A record producer or music producer has a broad role in overseeing and managing the recording and production of a band or performer's music. A producer has many roles that may include, but are not limited to, gathering ideas for the project, composing the music for the project, selecting songs or session musicians, proposing changes to the song arrangements, coaching the artist and musicians in the studio, controlling the recording sessions, supervising the entire process through audio mixing and, in some cases, to the audio mastering stage. Producers often take on a wider entrepreneurial role, with responsibility for the budget, schedules and negotiations. Writer Chris Deville explains it, "Sometimes a producer functions like a creative consultant — someone who helps a band achieve a certain aesthetic, or who comes up with the perfect violin part to complement the vocal melody, or who insists that a chorus should be a bridge. Other times a producer will build a complete piece of music from the ground up and present the finished product to a vocalist, like Metro Boomin supplying Future with readymade beats or Jack Antonoff letting Taylor Swift add lyrics and melody to an otherwise-finished “Out Of The Woods.”The artist of an album may not be a record producer or music producer for his/her album.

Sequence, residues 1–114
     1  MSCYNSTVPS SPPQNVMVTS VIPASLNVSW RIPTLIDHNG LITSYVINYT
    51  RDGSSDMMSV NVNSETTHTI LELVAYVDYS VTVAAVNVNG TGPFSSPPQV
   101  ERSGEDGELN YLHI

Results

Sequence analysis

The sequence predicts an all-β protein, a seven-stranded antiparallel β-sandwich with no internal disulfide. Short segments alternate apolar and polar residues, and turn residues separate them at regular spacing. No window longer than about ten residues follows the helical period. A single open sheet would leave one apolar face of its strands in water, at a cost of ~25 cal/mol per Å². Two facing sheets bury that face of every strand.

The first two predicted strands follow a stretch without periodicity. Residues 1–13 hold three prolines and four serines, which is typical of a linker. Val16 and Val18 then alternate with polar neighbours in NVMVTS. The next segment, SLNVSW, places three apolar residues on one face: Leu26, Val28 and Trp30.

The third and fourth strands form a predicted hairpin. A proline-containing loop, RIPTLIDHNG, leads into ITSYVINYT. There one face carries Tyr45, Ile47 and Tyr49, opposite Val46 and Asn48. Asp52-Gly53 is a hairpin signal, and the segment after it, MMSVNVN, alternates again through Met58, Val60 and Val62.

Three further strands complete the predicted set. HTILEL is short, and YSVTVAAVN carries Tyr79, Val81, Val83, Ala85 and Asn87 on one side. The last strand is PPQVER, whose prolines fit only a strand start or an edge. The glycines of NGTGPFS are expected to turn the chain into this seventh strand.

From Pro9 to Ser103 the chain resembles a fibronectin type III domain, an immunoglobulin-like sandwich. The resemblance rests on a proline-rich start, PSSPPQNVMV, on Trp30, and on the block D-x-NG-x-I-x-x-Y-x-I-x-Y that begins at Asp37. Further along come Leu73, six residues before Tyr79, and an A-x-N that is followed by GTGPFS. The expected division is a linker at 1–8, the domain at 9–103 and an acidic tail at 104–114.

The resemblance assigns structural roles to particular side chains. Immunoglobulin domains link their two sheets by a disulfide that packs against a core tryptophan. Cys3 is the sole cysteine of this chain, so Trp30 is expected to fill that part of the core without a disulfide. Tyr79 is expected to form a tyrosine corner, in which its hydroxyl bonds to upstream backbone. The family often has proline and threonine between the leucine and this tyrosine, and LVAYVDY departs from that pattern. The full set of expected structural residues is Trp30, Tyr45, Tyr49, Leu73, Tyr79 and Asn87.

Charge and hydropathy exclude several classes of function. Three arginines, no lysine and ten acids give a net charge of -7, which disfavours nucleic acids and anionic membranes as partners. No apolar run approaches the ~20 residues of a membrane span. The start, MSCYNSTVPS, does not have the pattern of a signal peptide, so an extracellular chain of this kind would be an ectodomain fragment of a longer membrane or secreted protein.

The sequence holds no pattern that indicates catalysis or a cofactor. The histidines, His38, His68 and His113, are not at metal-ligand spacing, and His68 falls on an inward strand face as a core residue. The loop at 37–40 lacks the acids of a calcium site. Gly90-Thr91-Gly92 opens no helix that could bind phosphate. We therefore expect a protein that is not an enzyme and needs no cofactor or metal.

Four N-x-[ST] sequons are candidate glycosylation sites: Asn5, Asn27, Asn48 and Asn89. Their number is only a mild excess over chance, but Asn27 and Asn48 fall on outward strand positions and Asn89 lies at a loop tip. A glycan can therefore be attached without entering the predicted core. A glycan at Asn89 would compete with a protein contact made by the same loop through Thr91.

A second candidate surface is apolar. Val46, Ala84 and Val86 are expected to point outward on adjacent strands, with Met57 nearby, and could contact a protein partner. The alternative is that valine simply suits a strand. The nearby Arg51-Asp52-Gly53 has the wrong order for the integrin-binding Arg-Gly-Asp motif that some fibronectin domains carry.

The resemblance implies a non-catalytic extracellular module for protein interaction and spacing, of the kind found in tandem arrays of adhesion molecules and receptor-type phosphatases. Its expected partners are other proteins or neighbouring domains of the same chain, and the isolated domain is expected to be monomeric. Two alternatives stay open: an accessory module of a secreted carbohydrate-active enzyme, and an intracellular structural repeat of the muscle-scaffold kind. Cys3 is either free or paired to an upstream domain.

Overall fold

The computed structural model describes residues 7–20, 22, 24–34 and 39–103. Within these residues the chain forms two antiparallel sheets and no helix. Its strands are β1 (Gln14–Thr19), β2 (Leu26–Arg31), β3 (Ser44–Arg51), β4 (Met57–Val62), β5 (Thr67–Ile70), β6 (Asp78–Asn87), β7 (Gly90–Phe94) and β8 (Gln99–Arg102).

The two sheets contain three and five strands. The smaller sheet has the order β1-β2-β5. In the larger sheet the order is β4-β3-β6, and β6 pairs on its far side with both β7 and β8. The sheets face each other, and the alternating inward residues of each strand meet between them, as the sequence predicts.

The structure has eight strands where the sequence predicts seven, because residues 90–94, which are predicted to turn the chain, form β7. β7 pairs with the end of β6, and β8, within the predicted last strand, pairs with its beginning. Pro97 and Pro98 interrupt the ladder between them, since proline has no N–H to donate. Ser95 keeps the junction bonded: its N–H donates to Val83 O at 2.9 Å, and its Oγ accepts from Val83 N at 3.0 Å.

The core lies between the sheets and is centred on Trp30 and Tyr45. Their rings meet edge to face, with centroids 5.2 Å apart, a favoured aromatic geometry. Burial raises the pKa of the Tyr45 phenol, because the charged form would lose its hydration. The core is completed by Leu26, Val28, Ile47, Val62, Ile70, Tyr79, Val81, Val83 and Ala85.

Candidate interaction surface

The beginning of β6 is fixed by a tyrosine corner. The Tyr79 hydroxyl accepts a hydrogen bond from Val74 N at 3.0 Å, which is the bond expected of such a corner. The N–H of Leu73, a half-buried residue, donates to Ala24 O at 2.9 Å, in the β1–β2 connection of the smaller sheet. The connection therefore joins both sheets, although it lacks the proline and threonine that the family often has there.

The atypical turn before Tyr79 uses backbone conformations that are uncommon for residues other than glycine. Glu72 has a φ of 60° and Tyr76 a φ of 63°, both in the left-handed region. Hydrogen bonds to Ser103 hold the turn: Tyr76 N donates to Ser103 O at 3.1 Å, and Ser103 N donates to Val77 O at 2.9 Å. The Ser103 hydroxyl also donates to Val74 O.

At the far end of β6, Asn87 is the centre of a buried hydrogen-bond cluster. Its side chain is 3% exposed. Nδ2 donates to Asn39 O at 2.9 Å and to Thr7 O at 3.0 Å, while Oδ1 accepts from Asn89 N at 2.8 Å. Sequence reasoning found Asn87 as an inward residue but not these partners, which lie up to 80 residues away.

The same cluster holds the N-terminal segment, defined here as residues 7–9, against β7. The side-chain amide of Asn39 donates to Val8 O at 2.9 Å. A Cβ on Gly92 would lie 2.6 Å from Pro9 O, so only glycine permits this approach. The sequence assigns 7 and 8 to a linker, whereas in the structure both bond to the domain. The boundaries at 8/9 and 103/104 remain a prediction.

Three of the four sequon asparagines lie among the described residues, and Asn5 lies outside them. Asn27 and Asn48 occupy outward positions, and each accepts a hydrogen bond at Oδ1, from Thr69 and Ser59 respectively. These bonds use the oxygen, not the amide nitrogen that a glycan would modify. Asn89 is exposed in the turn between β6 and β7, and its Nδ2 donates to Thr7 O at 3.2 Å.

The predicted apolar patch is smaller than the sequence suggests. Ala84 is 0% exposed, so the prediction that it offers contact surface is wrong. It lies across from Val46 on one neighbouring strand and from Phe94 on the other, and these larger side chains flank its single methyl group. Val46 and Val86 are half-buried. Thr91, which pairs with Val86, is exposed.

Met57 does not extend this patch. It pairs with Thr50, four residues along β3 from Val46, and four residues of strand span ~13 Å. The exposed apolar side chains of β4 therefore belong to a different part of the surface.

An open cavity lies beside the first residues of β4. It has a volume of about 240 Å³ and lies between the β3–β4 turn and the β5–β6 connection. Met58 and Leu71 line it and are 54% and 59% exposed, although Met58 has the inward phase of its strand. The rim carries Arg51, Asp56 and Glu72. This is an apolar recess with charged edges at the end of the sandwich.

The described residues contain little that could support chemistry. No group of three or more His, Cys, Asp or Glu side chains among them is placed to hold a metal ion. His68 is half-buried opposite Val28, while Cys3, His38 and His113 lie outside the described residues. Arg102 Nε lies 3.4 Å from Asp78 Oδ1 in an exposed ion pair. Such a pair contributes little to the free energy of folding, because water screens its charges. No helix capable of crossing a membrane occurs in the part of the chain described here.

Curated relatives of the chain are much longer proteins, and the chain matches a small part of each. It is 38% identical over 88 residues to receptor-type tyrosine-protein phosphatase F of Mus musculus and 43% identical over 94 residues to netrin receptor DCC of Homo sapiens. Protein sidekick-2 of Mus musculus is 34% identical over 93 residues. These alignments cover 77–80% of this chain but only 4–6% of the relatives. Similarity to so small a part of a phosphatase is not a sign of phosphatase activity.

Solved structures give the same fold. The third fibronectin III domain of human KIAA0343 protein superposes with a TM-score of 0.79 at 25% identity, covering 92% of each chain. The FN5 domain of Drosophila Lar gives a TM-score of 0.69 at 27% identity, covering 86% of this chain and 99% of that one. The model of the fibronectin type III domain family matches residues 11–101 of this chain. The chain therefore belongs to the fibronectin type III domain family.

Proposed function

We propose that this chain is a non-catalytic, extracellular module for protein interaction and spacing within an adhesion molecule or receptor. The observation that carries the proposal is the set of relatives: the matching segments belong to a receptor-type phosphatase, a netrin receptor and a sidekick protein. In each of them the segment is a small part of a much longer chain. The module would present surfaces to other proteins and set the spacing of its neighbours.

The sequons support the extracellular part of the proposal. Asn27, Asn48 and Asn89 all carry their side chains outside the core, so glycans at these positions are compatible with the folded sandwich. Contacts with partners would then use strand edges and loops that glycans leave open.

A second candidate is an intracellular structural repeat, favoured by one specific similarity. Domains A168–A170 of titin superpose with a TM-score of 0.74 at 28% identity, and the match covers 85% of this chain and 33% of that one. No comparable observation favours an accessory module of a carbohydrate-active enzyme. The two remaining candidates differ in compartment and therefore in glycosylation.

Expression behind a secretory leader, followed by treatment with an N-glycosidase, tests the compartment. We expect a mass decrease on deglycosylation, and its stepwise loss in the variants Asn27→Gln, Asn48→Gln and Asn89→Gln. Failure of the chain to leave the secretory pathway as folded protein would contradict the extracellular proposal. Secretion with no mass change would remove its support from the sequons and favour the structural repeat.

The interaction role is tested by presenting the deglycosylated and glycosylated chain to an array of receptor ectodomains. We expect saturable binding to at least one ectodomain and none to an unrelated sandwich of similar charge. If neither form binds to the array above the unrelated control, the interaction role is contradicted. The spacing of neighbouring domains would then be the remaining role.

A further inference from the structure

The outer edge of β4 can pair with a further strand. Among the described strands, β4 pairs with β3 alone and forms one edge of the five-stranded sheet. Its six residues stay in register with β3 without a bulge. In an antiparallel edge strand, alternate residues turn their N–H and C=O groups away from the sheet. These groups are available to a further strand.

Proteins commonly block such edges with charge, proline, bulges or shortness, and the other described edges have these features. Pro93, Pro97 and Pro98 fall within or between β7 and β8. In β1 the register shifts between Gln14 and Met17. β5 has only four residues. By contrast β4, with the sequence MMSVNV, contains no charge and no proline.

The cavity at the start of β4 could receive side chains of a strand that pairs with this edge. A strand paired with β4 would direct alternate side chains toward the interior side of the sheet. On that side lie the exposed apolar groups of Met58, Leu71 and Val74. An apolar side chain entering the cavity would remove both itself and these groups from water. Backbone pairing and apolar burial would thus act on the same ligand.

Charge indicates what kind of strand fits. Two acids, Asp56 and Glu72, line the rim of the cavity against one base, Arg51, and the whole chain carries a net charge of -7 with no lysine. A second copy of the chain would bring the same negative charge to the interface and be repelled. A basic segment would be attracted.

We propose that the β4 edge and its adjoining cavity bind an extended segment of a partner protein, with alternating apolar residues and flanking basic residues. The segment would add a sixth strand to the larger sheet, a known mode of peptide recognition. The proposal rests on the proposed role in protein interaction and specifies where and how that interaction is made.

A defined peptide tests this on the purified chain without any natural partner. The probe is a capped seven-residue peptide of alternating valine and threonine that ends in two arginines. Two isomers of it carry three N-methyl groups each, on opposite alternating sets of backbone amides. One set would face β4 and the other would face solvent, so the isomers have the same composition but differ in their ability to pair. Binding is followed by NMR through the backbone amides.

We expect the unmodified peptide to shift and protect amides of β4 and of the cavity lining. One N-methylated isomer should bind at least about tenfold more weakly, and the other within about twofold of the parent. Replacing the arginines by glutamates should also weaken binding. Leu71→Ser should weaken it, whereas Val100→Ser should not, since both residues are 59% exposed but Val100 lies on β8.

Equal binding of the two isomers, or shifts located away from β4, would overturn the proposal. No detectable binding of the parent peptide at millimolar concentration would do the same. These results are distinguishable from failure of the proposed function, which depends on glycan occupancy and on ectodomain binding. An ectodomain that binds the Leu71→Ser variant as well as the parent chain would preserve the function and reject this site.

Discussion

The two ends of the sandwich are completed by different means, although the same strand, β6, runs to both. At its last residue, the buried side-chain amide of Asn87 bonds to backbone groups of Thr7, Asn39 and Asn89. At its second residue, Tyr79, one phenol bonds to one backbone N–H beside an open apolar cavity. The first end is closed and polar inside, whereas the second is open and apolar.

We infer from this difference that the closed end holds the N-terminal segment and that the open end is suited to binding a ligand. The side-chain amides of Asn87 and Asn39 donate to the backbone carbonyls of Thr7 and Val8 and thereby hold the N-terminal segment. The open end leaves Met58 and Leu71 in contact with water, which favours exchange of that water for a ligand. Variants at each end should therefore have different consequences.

While both contribute creatively, the official credit of "record producer" may depend on the record contract. Christina Aguilera, for example, did not receive record producer credits until many albums into her career. In the 2010s, the producer role is sometimes divided among up to three different individuals: executive producer, vocal producer and music producer. An executive producer oversees project finances, a vocal producers oversees the vocal production, a music producer oversees the creative process of recording and mixings; the music producer is often a competent arranger, musician or songwriter who can bring fresh ideas to a project. As well as making any songwriting and arrangement adjustments, the producer selects and/or collaborates with the mixing engineer, who takes the raw recorded tracks and edits and modifies them with hardware and software tools to create a stereo or surround sound "mix" of all the individual voices sounds and instruments, in turn given further adjustment by a mastering engineer for the various distribution media.